28 W. 25th St.
28-30 W. 25th St. (2008)

Readable signs down the west wall of this loft building are:

Leavy & / Reiff / Ladies & Misses / Suits (click for detail). Leavy and Reiff were Henry Leavy (1862- 1922) and Joseph Reiff (1875-1960). Their partnership began in 1905 when they were located on East 10th St. on the block between University Place and Broadway. They moved to 28 W. 25th St. in 1911 and were in business together here until 1916. The work force at Leavy & Reiff consisted of 25 employees (12 men, 12 women and 1 office staff) in 1914 (Documents of the Assembly of the State of New York, 137th Session, 1914, vol. 39, no. 59, part 2, Second Annual Industrial Directory, pg. 509) .

Henry Leavy was born in England and immigrated to the U. S. in 1876. In 1917 he went into business with his son, Nathan Leavy (1891-1939), as Henry Leavy & Son, Cloaks & Suits, which stayed in business until 1935. Joseph Reiff was born in Galicia, Austria, and immigrated in the 1890s. In 1917 he formed a partnership with Jack Solomon Goldstein (1889-1972) and continued to manufacture cloaks and suits as Reiff & Goldstein here at 28 W. 25th St. until 1922.

Joseph Reiff had two brothers, Jacob Reiff (1868/69-1949) and Nathan Reiff (1871-1924). They were manufacturing furriers under the name Reiff Bros., in business from 1896 to 1924. From 1911 to 1924 Reiff Bros. were located in this building at 28 W. 25th St. (Click for Reiff Bros. letterhead from 1922.) On Nathan Reiff's death, his son, Louis Reiff (1897-1930), became a partner, and the name changed to Reiff Bros. & Sons. Another son in this business was Murray Reiff (1895/96-1959), Jacob Reiff's son. On New Years Eve, 1930, Louis Reiff committed suicide by throwing himself from a window at the New Yorker Hotel. Murray Reiff continued in the fur business as Murray Reiff & Tolleris (1932 to 1954) and later as Murray Reiff, Furs (1955 to 1962). (Tolleris was Abraham Tolleris (1883-1953), an immigrant from Austria/Poland in 1889.)


Kahn & / Baskin / Furs: This company was located here approximately 1911 to 1915. Kahn was Samuel Kahn (1883-1944). More about him can be found at his later location, 150 W. 26th St., when he had his own business, Samuel Kahn, Furs & Skins. Joseph Baskin (1876-?) was an immigrant from Russia. He applied for citizenship 8 Oct. 1902, when he gave his birth date as 25 April 1876, and stated that he arrived in the U. S. via the port of New York 10 July 1892. He appears in the U. S. census of 1900 living on Bushwick Ave., Brooklyn, with his brother, David Baskin, a jeweler. Age 48, Joseph Baskin was listed on the ship manifest of the SS Silvia, sailing from Halifax, Nova Scotia, 8 Feb. 1924, to New York. His address at the time was 605 W. 178th St., Manhattan.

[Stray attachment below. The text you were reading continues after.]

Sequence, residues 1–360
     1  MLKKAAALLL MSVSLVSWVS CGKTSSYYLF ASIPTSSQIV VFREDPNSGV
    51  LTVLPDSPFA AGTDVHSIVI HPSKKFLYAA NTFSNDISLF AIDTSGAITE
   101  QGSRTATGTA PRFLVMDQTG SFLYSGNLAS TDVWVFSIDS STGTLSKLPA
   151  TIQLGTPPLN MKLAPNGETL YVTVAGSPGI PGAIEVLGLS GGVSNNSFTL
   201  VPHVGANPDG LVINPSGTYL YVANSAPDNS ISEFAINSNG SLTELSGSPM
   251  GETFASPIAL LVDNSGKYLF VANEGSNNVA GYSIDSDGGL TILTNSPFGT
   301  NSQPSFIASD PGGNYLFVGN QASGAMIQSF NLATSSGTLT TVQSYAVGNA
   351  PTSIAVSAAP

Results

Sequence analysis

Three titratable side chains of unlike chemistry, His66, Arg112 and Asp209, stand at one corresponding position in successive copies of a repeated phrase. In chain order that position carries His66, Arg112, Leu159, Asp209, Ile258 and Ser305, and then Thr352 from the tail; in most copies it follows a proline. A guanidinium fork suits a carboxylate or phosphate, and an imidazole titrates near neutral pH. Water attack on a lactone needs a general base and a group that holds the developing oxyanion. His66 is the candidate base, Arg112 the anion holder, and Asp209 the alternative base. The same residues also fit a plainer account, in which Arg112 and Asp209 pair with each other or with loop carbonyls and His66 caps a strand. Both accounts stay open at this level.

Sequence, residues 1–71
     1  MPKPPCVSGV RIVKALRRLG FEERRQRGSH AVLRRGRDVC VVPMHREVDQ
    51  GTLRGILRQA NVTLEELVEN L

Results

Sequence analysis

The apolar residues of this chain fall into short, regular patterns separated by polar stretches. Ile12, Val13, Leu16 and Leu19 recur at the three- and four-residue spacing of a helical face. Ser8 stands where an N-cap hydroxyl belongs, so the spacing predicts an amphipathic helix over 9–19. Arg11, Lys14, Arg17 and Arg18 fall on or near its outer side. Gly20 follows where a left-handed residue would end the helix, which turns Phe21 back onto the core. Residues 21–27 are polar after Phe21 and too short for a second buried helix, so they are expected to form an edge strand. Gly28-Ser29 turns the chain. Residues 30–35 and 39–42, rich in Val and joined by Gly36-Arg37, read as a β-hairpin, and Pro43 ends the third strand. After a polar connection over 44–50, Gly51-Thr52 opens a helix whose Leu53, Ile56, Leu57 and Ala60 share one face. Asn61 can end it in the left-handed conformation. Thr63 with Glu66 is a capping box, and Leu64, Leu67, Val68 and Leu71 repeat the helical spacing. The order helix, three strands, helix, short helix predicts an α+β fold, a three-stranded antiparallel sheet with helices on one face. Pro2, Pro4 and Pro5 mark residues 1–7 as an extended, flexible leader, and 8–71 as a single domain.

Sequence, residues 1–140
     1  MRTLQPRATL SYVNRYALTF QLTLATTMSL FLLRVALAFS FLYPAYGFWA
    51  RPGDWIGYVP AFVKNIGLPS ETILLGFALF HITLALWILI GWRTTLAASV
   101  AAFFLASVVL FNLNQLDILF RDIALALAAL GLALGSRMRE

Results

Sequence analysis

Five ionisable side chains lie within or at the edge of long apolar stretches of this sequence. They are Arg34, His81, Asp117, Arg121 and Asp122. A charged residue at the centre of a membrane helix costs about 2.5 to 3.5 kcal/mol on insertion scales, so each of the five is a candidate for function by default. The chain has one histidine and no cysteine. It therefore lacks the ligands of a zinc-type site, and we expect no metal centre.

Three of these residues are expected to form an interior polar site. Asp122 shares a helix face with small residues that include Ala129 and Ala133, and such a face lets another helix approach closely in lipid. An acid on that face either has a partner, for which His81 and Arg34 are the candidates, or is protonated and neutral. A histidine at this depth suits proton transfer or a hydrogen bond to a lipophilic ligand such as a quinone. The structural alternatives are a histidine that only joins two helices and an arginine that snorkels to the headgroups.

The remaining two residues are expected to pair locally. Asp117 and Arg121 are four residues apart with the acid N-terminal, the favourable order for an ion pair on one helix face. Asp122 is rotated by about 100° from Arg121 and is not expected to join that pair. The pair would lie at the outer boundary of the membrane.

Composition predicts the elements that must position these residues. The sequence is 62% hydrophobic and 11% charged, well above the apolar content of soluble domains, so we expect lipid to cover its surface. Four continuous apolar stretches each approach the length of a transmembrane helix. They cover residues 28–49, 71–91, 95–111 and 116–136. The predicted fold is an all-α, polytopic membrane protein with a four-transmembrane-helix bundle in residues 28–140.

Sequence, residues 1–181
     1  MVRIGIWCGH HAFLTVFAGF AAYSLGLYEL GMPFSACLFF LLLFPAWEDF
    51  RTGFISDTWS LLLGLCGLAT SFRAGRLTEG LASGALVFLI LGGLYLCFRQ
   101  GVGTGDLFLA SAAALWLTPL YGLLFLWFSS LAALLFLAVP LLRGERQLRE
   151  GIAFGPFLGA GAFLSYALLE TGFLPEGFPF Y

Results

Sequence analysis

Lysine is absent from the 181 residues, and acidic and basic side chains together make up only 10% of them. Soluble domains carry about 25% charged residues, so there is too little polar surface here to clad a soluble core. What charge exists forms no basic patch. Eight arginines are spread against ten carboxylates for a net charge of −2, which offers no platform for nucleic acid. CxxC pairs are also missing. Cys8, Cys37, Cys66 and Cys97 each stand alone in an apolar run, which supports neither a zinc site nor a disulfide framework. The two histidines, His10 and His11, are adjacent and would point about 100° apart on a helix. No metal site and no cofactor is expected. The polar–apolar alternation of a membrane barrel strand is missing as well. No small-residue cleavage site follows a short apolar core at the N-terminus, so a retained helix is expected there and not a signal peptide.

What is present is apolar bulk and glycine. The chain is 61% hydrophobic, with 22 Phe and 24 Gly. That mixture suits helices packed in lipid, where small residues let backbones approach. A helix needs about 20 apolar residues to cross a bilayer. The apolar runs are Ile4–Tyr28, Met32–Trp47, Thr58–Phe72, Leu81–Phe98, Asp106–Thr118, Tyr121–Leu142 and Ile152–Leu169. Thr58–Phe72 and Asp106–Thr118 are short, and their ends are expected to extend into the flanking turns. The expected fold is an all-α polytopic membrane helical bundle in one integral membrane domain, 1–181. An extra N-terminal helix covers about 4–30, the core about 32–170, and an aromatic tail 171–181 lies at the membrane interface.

Israel / Cummings / [& Bro?] / Woolens (click for detail). Cummings was Israel Cummings (1889-1974), and his brother was David Cummings (1895-1973). Their father was Jacob Cummings, a tailor who immigrated from Russia. They appear in the U. S. Census of 1900 living at 17-19 Ludlow St. downtown on the East Side. Jacob Cummings and his wife, Ida, immigrated in 1883. In 1900 the couple had six children. Israel was 11 at the time, and David 5. Their woolens business at 28 W. 25th St. was first listed in the Manhattan telephone directory in 1916. Both brothers registered for the World War I draft in 1917 while in business for themselves at this address. Around 1920 Israel Cummings seems to have left the partnership and moved across the street to 35 W. 25th St., where he did business under the name Cavana Mills. These businesses seem to have failed at the time of the Great Depression in 1929. But Israel Cummings was back in business in 1934 at 450 7th Ave. (across the street from Macy's, near 35th St.). This became known as the Shamokin Woolen Mills around 1938. Both brothers were involved in Shamokin, which closed in 1974. Israel Cummings' obituary (New York Times, 30 Jan. 1974, p. 38) reads in part, "Israel Cummings, president of the Shamokin Woolen Mills, 450 Seventh Avenue here, died Monday at Mount Sinai Hospital. He was 84 years old and lived at 12 East 86th Street."


Harris J / Lipman / Buttons (click for detail). Harris Joseph Lipman (1883-1959) registered for the World War II draft in 1942 while living at 900 West End Ave., Manhattan. He was 58 years old, self-employed (Harris J. Lipman, 242 W. 36th St.), and he listed his place of birth as Grodlo, Russia. "Grodlo" was probably Grodno, originally in Lithuania, then Poland, and in 1939 incorporated into Belarus. It appears on Google maps (as of June, 2008) as Hrodna, nestled in a corner of Belarus just east of the border with Poland and just south of Lithuania. Harris J. Lipman immigrated to the U. S. 1900/01 and established his thread/buttons/braids/trims business on E. 8th St. in 1905. The Trow New York City directory of 1911 describes the business as dealing in "Braids, Silks, Embroidery Materials, Mercerized Threads." By the time the business moved to 28 W. 25th St. the products was just "buttons." A 1934 ad described the offerings as "Buttons & buckles for dress & cloak." This ad appeared in the New York Times in 1935. Harris J. Lipman were located at 28 W. 25th St. from 1916 to 1923, and they stayed in business at several other locations in the garment area until Lipman's death in 1959 .

< previous || next  >      index      map      signs by date      signs by name      see what's new